User experience of early intervention

User expectations

78.1 per cent of users thought the assessment was either better or about what they expected it to be.

Ease of use

87.5 per cent of users felt the self-assessment was easy or very easy to complete.

Outcomes from community service redesign

90.6 per cent of users were overwhelmingly content with the amount of time taken to look at things that were of concern to them.

Responses to questions

75 per cent of users felt the questions covered all the main areas that concerned them about their health and well-being.

Attractiveness of the help and information service

75 per cent of users felt the information given to them was very useful or quite useful.

Future potential and sustainability of the system

75 per cent of users said they would recommend it to people they knew.

21.9 per cent said they would consider recommending it.

Alternatives to acute hospital care

Following early successes in North Warwickshire with a five-a-day early supported discharge service, we built on this model in South Warwickshire in close partnership with adult social care and primary care. It has been easier and faster to integrate acute and community services in South Warwickshire due to all the services being run by a single provider. It has enabled us to create a new divisional structure and allows greater investment in these services.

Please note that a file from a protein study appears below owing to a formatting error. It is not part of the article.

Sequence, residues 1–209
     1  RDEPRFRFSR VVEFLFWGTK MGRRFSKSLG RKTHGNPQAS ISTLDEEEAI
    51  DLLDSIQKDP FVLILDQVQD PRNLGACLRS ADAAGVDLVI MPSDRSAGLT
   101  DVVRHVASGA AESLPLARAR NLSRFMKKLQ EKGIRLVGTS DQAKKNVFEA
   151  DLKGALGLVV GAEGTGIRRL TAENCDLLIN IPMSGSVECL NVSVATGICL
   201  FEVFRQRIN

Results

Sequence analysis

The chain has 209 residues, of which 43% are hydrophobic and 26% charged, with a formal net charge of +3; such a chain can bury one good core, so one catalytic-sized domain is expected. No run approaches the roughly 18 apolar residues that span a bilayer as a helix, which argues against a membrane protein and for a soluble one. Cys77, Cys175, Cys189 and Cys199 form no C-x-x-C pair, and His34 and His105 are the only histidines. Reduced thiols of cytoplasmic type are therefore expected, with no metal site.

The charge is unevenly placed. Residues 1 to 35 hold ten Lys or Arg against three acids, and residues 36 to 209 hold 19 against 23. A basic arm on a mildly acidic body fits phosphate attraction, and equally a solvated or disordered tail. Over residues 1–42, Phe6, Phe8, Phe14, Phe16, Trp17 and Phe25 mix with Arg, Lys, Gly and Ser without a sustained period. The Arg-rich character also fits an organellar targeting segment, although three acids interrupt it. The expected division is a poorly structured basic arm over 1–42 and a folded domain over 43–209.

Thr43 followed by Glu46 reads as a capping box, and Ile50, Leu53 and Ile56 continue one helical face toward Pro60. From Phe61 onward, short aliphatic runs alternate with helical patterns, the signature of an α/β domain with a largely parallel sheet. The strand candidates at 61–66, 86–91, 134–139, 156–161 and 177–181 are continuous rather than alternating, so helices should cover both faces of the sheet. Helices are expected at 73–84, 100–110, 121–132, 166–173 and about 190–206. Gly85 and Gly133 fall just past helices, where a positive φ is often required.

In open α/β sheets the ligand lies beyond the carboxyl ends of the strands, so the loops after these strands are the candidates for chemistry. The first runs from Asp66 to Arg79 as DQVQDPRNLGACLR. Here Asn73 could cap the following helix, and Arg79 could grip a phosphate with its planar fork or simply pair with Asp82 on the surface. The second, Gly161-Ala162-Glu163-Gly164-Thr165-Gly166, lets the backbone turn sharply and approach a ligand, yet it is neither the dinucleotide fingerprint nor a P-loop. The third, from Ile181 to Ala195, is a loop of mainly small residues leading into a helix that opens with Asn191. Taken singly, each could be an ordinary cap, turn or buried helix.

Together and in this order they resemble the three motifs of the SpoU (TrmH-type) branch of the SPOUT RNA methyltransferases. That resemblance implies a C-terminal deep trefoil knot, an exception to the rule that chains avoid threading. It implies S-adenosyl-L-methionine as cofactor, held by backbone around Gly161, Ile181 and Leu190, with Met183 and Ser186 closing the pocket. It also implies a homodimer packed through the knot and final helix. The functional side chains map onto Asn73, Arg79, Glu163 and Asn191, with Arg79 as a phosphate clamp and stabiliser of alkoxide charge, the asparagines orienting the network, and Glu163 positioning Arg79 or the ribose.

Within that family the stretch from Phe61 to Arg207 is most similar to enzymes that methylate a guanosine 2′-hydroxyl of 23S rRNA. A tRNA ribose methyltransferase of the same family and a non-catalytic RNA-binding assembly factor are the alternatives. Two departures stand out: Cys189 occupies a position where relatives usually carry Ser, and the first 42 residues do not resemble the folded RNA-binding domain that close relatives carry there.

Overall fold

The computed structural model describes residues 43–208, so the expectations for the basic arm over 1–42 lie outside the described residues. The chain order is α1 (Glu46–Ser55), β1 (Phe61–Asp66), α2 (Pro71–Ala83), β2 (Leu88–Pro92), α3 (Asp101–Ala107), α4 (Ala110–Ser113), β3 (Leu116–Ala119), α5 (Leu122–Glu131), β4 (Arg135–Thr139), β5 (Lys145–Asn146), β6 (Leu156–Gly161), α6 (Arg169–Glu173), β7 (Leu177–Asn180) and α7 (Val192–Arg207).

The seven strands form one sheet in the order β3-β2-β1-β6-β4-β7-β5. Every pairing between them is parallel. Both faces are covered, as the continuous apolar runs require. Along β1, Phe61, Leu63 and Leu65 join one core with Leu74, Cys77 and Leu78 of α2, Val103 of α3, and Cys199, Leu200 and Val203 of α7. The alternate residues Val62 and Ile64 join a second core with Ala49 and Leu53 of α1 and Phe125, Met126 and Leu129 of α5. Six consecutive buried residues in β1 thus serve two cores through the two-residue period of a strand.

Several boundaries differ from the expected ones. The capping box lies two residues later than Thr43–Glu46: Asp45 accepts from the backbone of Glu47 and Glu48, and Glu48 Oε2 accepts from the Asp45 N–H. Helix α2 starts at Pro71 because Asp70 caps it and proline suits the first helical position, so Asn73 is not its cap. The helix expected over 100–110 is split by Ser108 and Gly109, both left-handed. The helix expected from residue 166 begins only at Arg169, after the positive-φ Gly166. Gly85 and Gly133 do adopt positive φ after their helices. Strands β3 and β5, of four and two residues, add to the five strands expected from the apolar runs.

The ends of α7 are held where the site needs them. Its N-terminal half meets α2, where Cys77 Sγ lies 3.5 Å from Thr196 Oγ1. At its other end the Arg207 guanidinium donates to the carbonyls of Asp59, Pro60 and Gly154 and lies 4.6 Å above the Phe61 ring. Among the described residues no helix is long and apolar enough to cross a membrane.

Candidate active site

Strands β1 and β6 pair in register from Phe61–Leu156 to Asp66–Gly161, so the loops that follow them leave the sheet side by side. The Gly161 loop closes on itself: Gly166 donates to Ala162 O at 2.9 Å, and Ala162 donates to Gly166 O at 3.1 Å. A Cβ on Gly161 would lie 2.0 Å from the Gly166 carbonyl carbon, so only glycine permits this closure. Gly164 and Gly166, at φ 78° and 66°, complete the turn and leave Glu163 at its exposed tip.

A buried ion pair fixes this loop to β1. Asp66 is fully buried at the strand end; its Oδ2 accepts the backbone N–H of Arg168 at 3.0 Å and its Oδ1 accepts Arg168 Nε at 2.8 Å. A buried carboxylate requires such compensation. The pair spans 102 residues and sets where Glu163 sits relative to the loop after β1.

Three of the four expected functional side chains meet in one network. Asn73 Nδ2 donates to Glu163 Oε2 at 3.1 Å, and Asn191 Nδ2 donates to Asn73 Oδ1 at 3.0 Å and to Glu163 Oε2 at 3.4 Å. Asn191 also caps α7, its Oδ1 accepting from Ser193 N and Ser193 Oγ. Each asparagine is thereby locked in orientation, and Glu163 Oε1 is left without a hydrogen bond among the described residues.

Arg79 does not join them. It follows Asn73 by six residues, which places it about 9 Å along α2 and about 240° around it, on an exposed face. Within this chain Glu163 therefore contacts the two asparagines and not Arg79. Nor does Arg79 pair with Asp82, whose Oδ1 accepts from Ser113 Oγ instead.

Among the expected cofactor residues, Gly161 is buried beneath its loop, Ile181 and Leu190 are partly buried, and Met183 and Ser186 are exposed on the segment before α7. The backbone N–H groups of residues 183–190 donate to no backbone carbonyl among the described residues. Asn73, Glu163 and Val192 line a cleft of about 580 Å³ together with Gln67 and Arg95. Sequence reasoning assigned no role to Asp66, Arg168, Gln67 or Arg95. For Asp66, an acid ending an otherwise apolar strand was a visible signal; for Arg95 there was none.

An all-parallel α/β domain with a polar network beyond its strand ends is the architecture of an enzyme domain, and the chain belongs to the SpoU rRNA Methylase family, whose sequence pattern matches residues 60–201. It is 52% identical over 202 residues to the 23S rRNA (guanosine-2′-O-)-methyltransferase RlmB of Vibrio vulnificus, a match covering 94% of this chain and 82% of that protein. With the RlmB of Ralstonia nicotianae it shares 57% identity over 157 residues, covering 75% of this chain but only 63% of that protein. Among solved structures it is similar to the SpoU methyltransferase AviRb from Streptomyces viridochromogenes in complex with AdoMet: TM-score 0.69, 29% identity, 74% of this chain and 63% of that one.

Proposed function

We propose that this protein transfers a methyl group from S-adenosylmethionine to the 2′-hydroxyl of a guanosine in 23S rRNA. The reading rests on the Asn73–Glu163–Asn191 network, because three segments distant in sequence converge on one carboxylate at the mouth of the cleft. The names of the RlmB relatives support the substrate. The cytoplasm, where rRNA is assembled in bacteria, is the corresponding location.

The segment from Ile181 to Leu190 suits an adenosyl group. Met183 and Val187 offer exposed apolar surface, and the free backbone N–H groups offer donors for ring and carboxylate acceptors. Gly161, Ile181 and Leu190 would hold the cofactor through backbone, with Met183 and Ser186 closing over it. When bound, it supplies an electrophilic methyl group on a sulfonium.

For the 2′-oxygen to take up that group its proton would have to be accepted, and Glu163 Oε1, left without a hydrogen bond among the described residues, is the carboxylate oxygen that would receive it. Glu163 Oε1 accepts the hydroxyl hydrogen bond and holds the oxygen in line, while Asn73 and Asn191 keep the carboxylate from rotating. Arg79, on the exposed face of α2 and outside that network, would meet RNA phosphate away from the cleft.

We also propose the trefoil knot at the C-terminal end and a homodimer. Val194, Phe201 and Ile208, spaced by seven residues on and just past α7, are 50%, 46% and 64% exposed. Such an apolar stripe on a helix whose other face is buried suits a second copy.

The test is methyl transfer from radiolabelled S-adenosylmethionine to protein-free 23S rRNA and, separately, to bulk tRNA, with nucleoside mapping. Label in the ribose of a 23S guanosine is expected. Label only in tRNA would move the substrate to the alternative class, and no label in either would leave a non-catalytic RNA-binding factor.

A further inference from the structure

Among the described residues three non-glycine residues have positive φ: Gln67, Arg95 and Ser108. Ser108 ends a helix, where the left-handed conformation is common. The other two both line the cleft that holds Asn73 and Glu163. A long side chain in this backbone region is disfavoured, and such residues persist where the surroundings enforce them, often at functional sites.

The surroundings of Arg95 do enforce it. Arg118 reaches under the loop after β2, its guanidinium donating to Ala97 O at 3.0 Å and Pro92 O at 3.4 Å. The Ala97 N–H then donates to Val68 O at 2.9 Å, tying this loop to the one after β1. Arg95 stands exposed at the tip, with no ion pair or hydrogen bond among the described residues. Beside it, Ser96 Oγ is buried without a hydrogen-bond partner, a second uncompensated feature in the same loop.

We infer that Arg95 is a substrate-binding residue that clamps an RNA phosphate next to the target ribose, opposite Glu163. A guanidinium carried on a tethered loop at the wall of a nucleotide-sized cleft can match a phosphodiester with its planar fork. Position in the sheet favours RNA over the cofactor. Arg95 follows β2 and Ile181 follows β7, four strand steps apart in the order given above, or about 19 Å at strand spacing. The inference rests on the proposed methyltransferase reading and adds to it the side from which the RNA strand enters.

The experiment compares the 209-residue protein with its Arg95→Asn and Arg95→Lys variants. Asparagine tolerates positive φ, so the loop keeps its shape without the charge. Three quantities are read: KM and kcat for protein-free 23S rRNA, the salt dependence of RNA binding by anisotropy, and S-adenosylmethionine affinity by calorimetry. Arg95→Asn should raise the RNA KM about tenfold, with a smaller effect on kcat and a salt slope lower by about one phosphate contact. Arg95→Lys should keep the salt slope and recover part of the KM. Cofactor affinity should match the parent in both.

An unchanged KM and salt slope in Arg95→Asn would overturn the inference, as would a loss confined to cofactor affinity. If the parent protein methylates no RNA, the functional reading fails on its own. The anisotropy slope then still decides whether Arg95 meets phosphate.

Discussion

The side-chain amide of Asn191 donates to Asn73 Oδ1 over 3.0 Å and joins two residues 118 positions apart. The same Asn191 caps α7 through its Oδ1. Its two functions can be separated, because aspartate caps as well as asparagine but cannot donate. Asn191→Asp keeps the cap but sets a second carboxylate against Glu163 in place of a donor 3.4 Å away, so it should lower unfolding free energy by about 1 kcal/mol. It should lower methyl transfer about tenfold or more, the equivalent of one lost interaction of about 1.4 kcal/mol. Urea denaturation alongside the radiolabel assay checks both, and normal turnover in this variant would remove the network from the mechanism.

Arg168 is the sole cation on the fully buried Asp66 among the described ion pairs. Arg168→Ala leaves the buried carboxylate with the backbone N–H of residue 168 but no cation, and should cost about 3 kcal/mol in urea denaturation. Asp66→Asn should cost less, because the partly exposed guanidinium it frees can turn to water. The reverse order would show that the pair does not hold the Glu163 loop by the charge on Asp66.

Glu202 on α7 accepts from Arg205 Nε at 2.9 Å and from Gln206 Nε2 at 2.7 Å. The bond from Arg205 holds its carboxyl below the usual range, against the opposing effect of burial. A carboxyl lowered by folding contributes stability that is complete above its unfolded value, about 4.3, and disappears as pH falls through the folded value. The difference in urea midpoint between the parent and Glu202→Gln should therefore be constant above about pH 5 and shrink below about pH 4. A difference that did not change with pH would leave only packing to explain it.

We changed our model of community hospital provision to one that gave greater emphasis to step-up short stay care for patients not requiring the full diagnostic and treatment services of the acute hospital. We rationalised medical care so daily ward rounds would be provided by one practice rather than many individual GPs.

Outcomes from South Warwickshire acute care redesign
MeasureImprovement in older patients
Discharge directly from medical assessment unit7% increase
Mortality15% reduction
Readmissions3% reduction
Discharge to nursing homes of those previously living at home15% reduction

There is also weekly input from a consultant geriatrician to a multidisciplinary case conference. We reduced the number of beds in our community hospitals so more focused attention could be given to a smaller number of patients, releasing resources to invest in our home-based community services.

In the five months since the changes were introduced, outcomes for patients are much improved

Cristina Ramos, a GP in South Warwickshire, said: “The new model enables us to provide the best possible care for our patients in the most appropriate setting. The community teams and reablement provide support which helps prevent unnecessary acute admissions especially in cases where intense, short term support is all that is needed to keep the patient at home.

“The increased emphasis on step-up has made it possible for all local GPs to benefit from a community service that allows more complex cases to be managed closer to home and in a unit that provides a multidisciplinary approach with access to secondary care support and advice.” 

We worked in partnership with adult social care services to align the work of immediate care and reablement services, creating local teams with the capacity to provide a rapid (two-hour) response to a frailty crisis with an older person and to meet the needs of patients who would benefit from early supported discharge from hospital. Evaluation of the project in South Warwickshire showed impressive gains in productivity and clinical outcome.

Acute care by specialists